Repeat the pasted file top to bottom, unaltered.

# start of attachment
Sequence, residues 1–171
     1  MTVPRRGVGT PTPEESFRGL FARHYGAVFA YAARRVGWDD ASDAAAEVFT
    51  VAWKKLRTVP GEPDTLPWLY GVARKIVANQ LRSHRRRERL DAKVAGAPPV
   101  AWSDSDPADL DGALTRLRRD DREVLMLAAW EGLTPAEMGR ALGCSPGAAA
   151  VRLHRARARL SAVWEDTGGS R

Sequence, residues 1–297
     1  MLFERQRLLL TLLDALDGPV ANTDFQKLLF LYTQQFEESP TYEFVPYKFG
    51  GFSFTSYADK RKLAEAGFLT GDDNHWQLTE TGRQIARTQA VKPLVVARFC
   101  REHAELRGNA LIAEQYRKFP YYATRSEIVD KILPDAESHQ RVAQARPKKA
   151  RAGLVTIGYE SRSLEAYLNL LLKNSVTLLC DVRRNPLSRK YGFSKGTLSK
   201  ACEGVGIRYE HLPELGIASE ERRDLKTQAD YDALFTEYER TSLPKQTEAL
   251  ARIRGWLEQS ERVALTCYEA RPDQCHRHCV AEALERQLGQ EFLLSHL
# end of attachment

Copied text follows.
Sequence, residues 1–171
     1  MTVPRRGVGT PTPEESFRGL FARHYGAVFA YAARRVGWDD ASDAAAEVFT
    51  VAWKKLRTVP GEPDTLPWLY GVARKIVANQ LRSHRRRERL DAKVAGAPPV
   101  AWSDSDPADL DGALTRLRRD DREVLMLAAW EGLTPAEMGR ALGCSPGAAA
   151  VRLHRARARL SAVWEDTGGS R

Sequence, residues 1–297
     1  MLFERQRLLL TLLDALDGPV ANTDFQKLLF LYTQQFEESP TYEFVPYKFG
    51  GFSFTSYADK RKLAEAGFLT GDDNHWQLTE TGRQIARTQA VKPLVVARFC
   101  REHAELRGNA LIAEQYRKFP YYATRSEIVD KILPDAESHQ RVAQARPKKA
   151  RAGLVTIGYE SRSLEAYLNL LLKNSVTLLC DVRRNPLSRK YGFSKGTLSK
   201  ACEGVGIRYE HLPELGIASE ERRDLKTQAD YDALFTEYER TSLPKQTEAL
   251  ARIRGWLEQS ERVALTCYEA RPDQCHRHCV AEALERQLGQ EFLLSHL